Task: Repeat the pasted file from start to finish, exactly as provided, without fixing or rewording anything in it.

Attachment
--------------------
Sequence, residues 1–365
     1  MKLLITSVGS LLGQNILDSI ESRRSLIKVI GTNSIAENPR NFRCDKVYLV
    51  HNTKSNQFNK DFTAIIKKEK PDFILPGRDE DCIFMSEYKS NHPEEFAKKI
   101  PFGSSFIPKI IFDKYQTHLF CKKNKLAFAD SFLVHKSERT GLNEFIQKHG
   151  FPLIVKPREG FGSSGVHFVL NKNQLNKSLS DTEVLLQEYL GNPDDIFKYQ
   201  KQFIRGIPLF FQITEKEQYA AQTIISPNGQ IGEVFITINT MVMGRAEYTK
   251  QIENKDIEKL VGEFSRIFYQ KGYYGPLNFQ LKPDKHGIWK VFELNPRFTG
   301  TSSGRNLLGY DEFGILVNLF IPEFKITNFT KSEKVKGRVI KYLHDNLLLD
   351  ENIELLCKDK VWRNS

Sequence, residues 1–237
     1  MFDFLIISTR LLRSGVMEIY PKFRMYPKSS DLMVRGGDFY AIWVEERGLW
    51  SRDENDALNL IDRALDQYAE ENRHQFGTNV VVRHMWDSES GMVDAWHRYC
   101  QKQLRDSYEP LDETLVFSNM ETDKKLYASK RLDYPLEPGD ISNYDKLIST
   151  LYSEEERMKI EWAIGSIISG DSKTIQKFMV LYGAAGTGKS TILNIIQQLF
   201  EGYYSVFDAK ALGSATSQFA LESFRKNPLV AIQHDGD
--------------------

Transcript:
Sequence, residues 1–365
     1  MKLLITSVGS LLGQNILDSI ESRRSLIKVI GTNSIAENPR NFRCDKVYLV
    51  HNTKSNQFNK DFTAIIKKEK PDFILPGRDE DCIFMSEYKS NHPEEFAKKI
   101  PFGSSFIPKI IFDKYQTHLF CKKNKLAFAD SFLVHKSERT GLNEFIQKHG
   151  FPLIVKPREG FGSSGVHFVL NKNQLNKSLS DTEVLLQEYL GNPDDIFKYQ
   201  KQFIRGIPLF FQITEKEQYA AQTIISPNGQ IGEVFITINT MVMGRAEYTK
   251  QIENKDIEKL VGEFSRIFYQ KGYYGPLNFQ LKPDKHGIWK VFELNPRFTG
   301  TSSGRNLLGY DEFGILVNLF IPEFKITNFT KSEKVKGRVI KYLHDNLLLD
   351  ENIELLCKDK VWRNS

Sequence, residues 1–237
     1  MFDFLIISTR LLRSGVMEIY PKFRMYPKSS DLMVRGGDFY AIWVEERGLW
    51  SRDENDALNL IDRALDQYAE ENRHQFGTNV VVRHMWDSES GMVDAWHRYC
   101  QKQLRDSYEP LDETLVFSNM ETDKKLYASK RLDYPLEPGD ISNYDKLIST
   151  LYSEEERMKI EWAIGSIISG DSKTIQKFMV LYGAAGTGKS TILNIIQQLF
   201  EGYYSVFDAK ALGSATSQFA LESFRKNPLV AIQHDGD